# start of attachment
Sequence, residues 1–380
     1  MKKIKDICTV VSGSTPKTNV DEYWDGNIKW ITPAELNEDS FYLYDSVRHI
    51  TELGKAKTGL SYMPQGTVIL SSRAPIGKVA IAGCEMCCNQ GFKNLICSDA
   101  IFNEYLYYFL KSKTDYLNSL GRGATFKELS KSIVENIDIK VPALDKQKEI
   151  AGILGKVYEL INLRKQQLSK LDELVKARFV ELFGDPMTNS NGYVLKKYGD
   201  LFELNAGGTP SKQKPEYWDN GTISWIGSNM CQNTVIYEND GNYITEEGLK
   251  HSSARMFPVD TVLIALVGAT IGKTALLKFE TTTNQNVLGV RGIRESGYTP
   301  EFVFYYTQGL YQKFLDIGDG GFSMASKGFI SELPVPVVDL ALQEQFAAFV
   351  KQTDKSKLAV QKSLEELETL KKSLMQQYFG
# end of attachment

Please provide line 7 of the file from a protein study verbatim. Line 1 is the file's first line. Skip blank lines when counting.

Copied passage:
   251  HSSARMFPVD TVLIALVGAT IGKTALLKFE TTTNQNVLGV RGIRESGYTP